In most states, executors are entitled to a percent of the value of the estate as a fee for their time and effort, but many family members waive this. The attorney is paid for by the estate’s funds. It usually takes several months to completely probate a will from start to finish.

The Role of an Attorney-in-Fact

A power of attorney is a document that is valid only during the life of the principal (the person creating it). It gives authority to another person, called the attorney-in-fact (some states call this an agent), to make financial or business decisions for the principal.

There are several types of powers of attorney documents. Some become valid when they are signed and stay in effect until the principal’s death (called a durable power of attorney). Others, called springing powers of attorney, do not become valid until a certain event occurs, such as the principal becoming incapacitated and unable to make their own decisions, or something as simple as being out of the country.

The attorney-in-fact can be given broad powers including the ability to buy or sell real estate or investments; run a business; pay the principal’s bills, cash their checks, or withdraw money from their accounts; file lawsuits on their behalf; hire people to work for the principal and more. A limited power of attorney may identify just one or two of these specific powers the attorney-in-fact is given.

Each state has its own power of attorney form. A power of attorney never gives the attorney-in-fact the authority to create or alter the principal’s will or to manage any of their affairs after they die. It is only in effect during the principal’s life.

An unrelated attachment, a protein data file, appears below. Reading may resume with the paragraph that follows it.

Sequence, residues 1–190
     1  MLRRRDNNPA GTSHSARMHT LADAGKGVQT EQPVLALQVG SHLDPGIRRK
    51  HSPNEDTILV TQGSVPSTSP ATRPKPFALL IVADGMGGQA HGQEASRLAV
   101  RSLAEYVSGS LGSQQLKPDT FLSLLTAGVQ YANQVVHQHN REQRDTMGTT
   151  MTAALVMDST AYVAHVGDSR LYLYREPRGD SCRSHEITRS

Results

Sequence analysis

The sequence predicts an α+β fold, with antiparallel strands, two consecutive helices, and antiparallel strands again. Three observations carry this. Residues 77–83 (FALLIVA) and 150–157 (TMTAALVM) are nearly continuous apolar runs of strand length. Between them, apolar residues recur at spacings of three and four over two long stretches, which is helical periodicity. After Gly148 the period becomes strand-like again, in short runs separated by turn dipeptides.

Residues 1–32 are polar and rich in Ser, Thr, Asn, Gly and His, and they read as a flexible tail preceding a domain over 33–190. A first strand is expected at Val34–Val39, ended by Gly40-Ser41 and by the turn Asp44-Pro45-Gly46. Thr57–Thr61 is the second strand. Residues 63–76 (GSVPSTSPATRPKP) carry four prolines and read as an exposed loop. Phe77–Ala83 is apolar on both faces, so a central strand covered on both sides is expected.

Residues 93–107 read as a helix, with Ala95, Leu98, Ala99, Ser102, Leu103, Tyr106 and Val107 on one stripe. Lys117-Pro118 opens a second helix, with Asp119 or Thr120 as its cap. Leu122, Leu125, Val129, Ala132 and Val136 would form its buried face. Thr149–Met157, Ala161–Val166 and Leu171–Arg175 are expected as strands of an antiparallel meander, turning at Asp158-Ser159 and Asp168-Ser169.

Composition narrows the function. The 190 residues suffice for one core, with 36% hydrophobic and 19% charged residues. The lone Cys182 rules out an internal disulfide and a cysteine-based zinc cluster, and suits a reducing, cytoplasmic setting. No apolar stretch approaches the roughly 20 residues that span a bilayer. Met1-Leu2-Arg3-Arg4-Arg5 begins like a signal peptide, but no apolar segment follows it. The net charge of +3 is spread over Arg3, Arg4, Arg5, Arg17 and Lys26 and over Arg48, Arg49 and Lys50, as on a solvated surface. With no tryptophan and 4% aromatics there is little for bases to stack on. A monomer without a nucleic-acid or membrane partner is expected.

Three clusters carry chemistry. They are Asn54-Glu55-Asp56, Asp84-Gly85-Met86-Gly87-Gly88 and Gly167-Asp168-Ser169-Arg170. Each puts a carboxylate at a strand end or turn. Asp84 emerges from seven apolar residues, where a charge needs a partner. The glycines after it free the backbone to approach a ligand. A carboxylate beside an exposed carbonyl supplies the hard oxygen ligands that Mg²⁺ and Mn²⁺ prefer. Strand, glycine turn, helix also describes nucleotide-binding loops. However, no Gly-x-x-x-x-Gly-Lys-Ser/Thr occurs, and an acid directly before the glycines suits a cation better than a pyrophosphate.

It’s also important to note that a power of attorney is only for financial, legal, and business matters. Some states have a health care power of attorney (sometimes called an advance directive or health care proxy) which designates a person who can make health care decisions for a principal who is unable to make their own decisions, which is an entirely different document.

Attorneys-in-fact and executors both take on legal and financial responsibilities, but one occurs during the principal’s life and the other after their death. The authority does not cross over. If you are the attorney-in-fact, you can act during the person’s lifetime. If you are the executor, you are only in charge of their estate after their death.*


When you're ready to plan for the future, download our Savvy Guide to Estate Planning. Our free guide takes the fear and worry out of creating an estate plan and tells you what you need to know to get it done. Download your copy here.

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*This content is developed from sources believed to be providing accurate information. The information in this material is not intended as tax or legal advice. Please consult legal or tax professionals for specific information regarding your individual situation.

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About Author

Brette Sember
Brette Sember

Brette Sember is a former attorney and author of books including The Complete Divorce Guide, The Complete Divorce Organizer & Planner, and The Empty Nest Financial Guide. Her website is BretteSember.com.